Mr. J.E. Laws enquired, if the Coroner would mention the name of the writer.
The CORONER had rather not until Wednesday.
One of the Jury present said he had understood it was a Mr. Warnes, Solicitor's Clerk, in the office of Messrs. Fisher and Lucas.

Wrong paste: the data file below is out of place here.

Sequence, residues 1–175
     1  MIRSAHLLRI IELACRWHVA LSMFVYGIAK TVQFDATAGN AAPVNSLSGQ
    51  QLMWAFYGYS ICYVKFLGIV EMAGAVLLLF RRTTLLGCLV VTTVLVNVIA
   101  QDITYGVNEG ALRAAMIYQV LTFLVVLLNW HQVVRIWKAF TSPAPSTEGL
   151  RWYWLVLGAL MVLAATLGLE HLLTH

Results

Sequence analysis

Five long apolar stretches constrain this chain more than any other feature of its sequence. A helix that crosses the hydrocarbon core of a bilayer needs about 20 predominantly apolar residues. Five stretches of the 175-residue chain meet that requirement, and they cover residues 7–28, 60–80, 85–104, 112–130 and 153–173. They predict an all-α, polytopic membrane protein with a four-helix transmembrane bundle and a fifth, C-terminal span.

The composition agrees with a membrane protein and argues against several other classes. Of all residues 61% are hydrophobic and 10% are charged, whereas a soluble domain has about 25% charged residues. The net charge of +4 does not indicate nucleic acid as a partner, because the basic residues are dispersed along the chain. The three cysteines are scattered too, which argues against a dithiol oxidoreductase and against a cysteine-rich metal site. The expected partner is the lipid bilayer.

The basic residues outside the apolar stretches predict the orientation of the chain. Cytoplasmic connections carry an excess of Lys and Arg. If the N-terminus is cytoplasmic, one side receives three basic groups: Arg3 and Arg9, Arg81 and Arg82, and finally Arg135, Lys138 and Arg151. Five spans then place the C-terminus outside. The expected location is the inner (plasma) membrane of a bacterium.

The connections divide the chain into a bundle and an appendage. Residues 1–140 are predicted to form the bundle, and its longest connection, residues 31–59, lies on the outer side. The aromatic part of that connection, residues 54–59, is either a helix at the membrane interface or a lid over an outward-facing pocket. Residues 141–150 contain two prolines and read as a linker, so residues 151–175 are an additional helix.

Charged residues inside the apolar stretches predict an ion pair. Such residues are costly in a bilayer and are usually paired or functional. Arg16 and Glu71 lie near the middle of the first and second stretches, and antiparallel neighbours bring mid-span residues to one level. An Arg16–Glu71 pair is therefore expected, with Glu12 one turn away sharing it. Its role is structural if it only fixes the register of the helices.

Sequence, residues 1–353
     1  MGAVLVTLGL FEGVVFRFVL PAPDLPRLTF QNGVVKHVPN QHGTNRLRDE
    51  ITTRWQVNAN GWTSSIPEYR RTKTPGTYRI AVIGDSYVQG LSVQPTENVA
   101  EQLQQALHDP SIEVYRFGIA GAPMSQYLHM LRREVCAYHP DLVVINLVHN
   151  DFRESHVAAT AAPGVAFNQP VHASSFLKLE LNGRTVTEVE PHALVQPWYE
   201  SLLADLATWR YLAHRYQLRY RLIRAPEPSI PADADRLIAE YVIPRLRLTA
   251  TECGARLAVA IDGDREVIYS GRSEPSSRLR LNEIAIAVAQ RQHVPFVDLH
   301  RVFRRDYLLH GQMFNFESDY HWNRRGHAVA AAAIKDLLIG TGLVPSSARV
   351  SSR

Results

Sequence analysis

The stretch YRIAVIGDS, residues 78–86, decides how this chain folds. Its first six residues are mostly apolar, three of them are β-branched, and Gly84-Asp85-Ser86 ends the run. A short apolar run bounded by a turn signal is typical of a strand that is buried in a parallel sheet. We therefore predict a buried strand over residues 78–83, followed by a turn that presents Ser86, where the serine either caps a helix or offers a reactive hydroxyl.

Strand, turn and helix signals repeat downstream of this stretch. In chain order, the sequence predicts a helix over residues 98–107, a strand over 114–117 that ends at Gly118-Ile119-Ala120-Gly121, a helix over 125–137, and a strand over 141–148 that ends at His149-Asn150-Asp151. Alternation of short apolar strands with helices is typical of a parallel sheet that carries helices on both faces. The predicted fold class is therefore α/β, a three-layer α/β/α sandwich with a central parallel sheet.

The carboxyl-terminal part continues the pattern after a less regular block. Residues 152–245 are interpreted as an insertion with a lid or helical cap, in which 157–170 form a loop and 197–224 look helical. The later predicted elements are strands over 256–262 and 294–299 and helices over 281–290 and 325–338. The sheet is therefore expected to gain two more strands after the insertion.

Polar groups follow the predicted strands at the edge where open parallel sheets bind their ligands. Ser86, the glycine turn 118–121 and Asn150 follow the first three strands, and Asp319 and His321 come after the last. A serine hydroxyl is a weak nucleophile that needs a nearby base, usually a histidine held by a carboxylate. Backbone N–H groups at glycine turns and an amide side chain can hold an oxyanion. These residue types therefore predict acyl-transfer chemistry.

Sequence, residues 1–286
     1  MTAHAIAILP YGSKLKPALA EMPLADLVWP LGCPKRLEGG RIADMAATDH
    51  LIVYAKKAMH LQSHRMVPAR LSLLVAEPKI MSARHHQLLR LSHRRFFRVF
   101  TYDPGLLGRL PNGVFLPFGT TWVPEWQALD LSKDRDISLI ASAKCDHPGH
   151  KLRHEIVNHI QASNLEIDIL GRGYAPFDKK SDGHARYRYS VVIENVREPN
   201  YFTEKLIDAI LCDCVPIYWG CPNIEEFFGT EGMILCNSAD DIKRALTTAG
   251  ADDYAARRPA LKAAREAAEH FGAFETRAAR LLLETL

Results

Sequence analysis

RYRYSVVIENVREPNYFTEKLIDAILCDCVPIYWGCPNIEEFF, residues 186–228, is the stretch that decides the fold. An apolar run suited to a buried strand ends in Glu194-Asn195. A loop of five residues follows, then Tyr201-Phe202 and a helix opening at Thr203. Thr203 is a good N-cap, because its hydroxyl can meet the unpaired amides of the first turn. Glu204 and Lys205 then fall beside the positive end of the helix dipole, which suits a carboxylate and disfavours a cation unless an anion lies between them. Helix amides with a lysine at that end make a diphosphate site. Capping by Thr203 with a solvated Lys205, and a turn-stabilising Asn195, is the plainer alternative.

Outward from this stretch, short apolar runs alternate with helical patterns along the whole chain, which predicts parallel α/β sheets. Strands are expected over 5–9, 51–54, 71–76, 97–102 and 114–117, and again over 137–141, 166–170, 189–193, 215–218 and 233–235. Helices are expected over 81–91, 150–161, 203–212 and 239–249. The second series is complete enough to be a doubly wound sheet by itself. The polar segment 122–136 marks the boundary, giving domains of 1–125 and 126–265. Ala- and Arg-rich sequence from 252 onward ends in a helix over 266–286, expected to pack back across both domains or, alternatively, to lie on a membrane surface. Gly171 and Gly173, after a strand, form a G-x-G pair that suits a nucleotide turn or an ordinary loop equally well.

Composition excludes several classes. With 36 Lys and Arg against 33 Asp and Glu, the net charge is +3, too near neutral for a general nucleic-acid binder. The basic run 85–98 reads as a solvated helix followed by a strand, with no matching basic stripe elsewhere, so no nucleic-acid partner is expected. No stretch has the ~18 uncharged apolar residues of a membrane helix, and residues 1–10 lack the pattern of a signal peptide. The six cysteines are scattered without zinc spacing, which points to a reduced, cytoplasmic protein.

Charles Warnes was called, an articled clerk in the office of Messrs. Fisher, Lucas and Steward, Yarmouth, and the writer of the extraordinary narrative first published in the Bury Post. He came forward to the witness box, and appeared to be a good deal confused, by the awkward and unenviable position in which he had placed himself. Being sworn, he said, in answer to questions: - I am a lawyer's clerk, residing in this town. I remember the evening of the 2nd of May last. I wrote a letter that appeared in the papers relative to the late accident. I wrote it in a very excited state, having been drinking brandy. - The CORONER, Are the statements you made in the letter true? - Witness. Certainly not. - CORONER, Perhaps you were in such a state that you cannot tell us what happened. - Witness, I can tell you something that happened. There were many people beside me on the bridge. I remarked the shock which the witnesses have spoken of, three of four minutes before the bridge fell. It seemed as if some heavy body had fallen on the bridge. I did not hear anything like a cracking noise. I felt the bridge go down all at once; I have no idea what happened after. - The CORONER, Were you aware that the letter would be published? - Witness, Certainly not; it was treacherously published. I wrote to my brother, intending merely to let him know that I was safe. I did not know that the letter would be sent to the editor of a paper. The editor got hold of it through a taz-gatherer at Bury. It was shown to his daughter in whose hands it was left. - CORONER, Was the letter not addressed to the editor of the paper? - Witness, Certainly not. - The CORONER. I think you are under a mistake. - [Mr. J. Davey, one of the jury, said it was not addressed to the editor.] - Witness, It was written on the night of the occurence. I put it into the post on the following day. Why did you send it? - Witness, I did not open the letter to read it; if I had opened it, I should never have sent it. I am very sorry that such a thing happened. - The CORONER, Have you been reading novels lately, about a tradesman's daughter being under the water? - The witness gave no answer. - The CORONER, Why did did you conclude it was a tradesman's daughter being under the water? - Witness, I don't know anything about it. - The CORONER, Did you take out a knife, as you have stated? - Witness, I did not know that I had a knife. The letter was written when I was in a very excited state. - The CORONER, It is right the public should know what sort of letters are published every now nd then [addressing witness]. How much brandy had you? - Witness, Two sixpenny-worths. - The CORONER, How did you get out of the water? - Witness, I jumped into a boat and was pulled ashore. I am very sorry that the letter should have been published. - The CORONER, It was done with a very disreputable feeling. You almost criminate yourself in that letter. - Witness, I had no idea what I wrote. I'll take care that I never do so again. - The CORONER, You must contradict the whole of the letter, as it is not true. - Witness, I contradict it here publicly. The CORONER, I ask you, as you want to atone for this worst than falsehood, will you contradict the whole of it? - The Witness, I contradict it here; and whatever I say will be reported.